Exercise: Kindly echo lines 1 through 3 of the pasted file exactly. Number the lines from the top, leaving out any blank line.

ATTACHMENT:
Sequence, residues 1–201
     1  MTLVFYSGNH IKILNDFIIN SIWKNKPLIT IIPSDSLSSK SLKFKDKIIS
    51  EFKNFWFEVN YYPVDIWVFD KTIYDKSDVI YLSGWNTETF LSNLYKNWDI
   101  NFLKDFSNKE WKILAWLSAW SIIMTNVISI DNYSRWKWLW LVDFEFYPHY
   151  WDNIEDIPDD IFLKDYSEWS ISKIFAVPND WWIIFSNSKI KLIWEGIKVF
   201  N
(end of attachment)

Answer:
Sequence, residues 1–201
     1  MTLVFYSGNH IKILNDFIIN SIWKNKPLIT IIPSDSLSSK SLKFKDKIIS
    51  EFKNFWFEVN YYPVDIWVFD KTIYDKSDVI YLSGWNTETF LSNLYKNWDI